outside, thus forming Lenard's rays, they are likewise only the same or similar corpuscles in the space outside rather than inside the vacuum tube. Finally it has been proved that these electrified corpuscles are present as well in the mass of a gas through which Röntgen rays have passed, also in the mysterious radiation called Becquerel rays which proceeds from uranium and other radio-active substances, also in all flames, near all very hot bodies and in the air near certain metallic surfaces on which ultra-violet light falls. In every case the corpuscle is charged with an electron charge of negative electricity. If a corpuscle originates as a fragment chipped off from an electrically neutral atom and is negatively charged, it follows that the remainder of the atom of matter is left positively charged.
The word 'atom' therefore, as far as it signifies something which cannot be cut, is becoming a misnomer as applied to the chemical unit of matter, because this latter is capable of being divided into two parts of very unequal size. First, a small part which is negatively electrified and which is identically the same, no matter from what chemical atom it originates, and secondly, a much larger mass which is the remainder of the atom and is positively electrified, but which has a different nature depending on the kind of chemical atom broken up. The question has then begun to be debated whether we can distinguish between the corpuscle and the electric charge it carries and if so in what way. In other words, can we have an unelectrified corpuscle or is the corpuscle so identified with its electric charge that they are one and the same thing? It has been shown experimentally that an electric charge in motion is in effect an electric current, and we know that an electric current possesses something equivalent to inertia, that is, it cannot be started and stopped instantly, and it possesses energy. We call this electric inertia inductance, hence the question arises whether the energy of the corpuscles when in motion is solely due to the electric inductance or whether it is partly due to what may be called the ponderable inertia of the corpuscle.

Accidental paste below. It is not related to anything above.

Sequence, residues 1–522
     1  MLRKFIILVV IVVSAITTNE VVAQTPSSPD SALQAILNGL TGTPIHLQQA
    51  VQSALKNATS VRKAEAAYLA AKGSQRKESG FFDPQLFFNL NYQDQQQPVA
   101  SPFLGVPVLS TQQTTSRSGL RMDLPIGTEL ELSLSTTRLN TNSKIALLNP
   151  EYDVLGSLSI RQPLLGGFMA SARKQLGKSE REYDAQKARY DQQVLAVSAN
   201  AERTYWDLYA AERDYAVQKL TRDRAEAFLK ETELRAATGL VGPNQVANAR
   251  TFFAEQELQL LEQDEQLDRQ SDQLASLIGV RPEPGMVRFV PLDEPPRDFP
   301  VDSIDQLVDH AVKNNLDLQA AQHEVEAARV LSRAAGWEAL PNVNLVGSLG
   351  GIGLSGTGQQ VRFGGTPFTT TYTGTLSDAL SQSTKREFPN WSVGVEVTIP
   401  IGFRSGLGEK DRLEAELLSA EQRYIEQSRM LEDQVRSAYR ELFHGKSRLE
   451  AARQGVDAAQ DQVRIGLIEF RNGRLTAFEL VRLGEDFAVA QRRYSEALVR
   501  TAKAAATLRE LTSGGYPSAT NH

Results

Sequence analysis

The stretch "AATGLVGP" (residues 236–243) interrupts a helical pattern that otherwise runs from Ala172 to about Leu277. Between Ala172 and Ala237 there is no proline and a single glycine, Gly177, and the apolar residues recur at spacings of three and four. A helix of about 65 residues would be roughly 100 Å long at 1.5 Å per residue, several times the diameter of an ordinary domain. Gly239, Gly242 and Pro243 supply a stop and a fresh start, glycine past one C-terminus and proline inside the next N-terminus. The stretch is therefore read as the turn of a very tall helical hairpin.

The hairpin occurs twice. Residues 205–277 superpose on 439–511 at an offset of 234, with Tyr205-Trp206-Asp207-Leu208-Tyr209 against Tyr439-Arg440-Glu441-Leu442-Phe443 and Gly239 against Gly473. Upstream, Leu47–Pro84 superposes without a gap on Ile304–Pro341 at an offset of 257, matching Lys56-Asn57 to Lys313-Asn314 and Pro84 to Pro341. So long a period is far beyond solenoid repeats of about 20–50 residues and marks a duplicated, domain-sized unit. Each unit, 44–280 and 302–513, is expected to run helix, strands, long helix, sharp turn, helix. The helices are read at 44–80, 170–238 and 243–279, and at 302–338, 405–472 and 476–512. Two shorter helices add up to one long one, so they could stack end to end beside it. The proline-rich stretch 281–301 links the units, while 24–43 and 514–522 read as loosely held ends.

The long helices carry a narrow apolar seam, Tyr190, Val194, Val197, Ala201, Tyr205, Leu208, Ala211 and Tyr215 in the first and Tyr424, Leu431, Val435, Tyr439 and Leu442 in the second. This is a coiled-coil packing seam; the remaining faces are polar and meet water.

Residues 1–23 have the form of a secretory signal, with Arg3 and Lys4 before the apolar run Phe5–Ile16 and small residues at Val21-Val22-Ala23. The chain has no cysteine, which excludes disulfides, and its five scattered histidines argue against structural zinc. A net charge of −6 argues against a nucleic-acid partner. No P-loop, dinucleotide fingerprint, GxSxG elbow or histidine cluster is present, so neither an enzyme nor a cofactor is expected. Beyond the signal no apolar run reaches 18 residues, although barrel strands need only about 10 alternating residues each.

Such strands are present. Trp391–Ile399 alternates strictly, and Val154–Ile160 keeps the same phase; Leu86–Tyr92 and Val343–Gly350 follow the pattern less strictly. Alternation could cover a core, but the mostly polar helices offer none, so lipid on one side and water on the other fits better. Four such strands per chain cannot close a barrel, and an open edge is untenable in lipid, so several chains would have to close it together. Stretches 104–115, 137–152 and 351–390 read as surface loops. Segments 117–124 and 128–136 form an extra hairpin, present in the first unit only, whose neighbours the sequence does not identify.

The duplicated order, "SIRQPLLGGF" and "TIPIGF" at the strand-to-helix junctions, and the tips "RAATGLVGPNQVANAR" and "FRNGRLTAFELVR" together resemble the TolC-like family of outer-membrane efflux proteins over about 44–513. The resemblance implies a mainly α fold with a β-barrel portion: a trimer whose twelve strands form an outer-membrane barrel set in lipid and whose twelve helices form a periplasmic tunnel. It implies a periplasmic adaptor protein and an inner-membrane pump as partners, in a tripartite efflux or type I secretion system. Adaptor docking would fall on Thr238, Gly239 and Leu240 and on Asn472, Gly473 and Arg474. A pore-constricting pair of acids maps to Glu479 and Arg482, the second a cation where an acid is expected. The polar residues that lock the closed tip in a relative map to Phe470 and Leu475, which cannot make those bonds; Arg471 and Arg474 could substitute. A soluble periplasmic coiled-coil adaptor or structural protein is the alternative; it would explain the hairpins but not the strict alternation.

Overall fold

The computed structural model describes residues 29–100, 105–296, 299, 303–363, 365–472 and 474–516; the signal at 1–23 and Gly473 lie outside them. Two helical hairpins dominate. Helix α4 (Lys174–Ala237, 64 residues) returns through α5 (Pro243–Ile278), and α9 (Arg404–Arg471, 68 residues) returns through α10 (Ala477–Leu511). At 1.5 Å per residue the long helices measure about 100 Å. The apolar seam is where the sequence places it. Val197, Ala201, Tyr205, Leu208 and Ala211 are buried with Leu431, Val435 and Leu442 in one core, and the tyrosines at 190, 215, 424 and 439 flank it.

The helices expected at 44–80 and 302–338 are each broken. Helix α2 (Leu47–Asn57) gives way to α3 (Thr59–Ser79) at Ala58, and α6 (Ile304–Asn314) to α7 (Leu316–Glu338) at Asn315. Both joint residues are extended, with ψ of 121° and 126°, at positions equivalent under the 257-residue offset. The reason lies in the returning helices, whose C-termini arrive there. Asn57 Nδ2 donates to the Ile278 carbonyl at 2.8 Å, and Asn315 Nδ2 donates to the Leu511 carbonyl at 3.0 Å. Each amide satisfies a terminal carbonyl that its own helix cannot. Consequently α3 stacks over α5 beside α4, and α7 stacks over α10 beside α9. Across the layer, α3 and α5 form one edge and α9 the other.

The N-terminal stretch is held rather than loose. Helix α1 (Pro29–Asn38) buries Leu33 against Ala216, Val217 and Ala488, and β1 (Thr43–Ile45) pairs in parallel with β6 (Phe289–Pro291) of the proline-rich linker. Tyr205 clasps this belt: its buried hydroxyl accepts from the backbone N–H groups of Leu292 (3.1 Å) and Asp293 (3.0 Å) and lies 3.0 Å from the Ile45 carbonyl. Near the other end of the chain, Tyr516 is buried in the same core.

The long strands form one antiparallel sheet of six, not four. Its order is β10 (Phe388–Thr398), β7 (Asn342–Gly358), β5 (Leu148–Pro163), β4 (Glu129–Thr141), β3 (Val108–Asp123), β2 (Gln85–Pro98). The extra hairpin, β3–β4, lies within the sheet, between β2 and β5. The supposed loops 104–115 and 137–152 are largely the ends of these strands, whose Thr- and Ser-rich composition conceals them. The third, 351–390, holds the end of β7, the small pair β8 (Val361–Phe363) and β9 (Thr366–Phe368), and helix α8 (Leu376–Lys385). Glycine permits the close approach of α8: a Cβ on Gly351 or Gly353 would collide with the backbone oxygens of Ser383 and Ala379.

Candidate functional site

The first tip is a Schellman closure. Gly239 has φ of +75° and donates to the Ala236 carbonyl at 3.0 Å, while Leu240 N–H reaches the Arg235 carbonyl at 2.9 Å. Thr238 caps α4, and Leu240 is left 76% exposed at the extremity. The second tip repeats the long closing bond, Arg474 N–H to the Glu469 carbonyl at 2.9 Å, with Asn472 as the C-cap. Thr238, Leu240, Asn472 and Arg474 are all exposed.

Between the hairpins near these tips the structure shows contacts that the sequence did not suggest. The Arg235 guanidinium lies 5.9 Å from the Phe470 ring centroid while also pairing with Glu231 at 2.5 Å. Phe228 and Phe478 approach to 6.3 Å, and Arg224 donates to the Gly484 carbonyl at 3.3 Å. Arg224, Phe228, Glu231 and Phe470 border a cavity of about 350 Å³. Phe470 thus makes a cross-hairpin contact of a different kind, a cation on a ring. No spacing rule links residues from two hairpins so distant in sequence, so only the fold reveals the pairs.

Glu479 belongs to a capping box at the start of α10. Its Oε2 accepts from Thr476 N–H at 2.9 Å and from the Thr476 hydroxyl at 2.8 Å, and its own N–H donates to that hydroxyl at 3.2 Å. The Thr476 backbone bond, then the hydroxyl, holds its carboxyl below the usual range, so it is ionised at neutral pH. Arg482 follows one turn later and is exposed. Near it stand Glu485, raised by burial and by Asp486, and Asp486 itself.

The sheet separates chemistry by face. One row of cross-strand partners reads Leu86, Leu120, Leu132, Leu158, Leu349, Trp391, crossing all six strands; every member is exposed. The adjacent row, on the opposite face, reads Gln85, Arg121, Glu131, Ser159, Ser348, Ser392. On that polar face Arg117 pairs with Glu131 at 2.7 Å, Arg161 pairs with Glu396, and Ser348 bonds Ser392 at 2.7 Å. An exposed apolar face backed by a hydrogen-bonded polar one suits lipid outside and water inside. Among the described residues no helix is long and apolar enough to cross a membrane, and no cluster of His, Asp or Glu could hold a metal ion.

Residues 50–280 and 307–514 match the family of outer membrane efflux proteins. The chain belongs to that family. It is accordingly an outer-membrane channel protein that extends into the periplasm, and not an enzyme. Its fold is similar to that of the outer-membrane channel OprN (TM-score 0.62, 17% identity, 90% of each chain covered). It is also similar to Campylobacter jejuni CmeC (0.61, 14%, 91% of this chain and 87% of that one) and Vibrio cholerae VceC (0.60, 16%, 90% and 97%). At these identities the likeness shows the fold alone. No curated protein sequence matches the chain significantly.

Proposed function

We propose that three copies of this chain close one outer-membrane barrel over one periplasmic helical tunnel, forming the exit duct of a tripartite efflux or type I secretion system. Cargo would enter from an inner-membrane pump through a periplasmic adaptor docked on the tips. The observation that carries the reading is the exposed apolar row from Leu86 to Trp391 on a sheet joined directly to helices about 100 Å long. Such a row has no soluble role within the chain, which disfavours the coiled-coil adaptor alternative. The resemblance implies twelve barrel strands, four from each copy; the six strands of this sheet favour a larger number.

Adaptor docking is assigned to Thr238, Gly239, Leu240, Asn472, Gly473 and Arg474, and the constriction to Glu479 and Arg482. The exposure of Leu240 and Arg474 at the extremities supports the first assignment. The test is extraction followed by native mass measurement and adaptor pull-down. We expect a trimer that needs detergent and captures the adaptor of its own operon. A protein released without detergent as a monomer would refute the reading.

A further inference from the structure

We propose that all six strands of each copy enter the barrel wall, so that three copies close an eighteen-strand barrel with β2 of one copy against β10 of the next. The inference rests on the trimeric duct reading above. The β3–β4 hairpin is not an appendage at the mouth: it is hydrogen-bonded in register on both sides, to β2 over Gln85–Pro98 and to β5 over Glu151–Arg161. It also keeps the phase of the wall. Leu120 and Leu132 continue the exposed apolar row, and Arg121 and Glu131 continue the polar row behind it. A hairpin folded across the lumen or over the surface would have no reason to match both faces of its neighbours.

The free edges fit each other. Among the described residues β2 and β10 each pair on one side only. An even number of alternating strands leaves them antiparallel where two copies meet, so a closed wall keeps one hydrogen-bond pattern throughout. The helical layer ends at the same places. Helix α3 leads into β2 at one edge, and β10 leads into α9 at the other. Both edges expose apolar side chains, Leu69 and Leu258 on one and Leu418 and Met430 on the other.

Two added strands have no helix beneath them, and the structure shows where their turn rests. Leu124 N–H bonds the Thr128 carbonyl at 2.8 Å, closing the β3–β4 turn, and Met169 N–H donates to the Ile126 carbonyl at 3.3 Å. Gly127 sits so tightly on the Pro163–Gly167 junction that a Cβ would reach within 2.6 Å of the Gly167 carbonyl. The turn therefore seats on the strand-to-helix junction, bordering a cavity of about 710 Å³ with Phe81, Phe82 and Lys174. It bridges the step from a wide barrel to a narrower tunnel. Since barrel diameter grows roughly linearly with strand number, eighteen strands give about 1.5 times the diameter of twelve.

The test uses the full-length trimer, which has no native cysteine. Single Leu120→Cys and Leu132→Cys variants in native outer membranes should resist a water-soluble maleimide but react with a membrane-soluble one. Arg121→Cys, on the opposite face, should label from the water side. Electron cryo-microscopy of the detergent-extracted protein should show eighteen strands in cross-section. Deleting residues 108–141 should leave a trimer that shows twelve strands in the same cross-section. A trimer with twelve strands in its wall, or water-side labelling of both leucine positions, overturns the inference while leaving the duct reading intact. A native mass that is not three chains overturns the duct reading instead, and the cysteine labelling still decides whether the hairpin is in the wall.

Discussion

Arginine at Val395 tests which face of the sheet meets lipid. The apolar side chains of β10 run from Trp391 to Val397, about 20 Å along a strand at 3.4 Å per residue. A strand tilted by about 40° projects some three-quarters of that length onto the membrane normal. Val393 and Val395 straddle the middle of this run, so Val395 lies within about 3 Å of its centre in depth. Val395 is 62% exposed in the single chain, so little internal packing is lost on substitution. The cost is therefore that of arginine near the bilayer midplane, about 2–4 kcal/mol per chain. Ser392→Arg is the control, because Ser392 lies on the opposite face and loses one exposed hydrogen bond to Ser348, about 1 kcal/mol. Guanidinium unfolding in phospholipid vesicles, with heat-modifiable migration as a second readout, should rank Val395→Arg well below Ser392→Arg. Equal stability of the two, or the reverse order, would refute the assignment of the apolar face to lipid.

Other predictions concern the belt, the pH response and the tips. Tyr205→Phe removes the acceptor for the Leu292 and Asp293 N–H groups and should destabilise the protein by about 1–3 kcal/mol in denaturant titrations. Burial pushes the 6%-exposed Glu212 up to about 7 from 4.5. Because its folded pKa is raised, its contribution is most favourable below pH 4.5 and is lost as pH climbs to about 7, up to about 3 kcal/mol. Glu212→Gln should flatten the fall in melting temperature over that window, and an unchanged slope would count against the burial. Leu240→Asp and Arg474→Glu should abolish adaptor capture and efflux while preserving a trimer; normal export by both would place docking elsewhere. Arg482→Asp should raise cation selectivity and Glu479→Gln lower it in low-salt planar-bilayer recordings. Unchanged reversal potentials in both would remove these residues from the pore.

This very difficult question has not yet been even approximately settled. At the present moment we have no evidence that we can separate the electron charge from the corpuscle itself. If this is the case, then the corpuscles taken together constitute for all practical purposes negative electricity, and we can no more have anything which can be called electricity apart from corpuscles than we can have momentum apart from moving matter. For this reason it is sometimes usual to speak of the corpuscle carrying its charge of one electron of negative electricity simply as an electron, and to drop all distinction between the electric charge and the vehicle in or on which it is conveyed.
It is remarkable that so far no one has been able to produce or find a corpuscle positively electrified. Positive electricity is only known in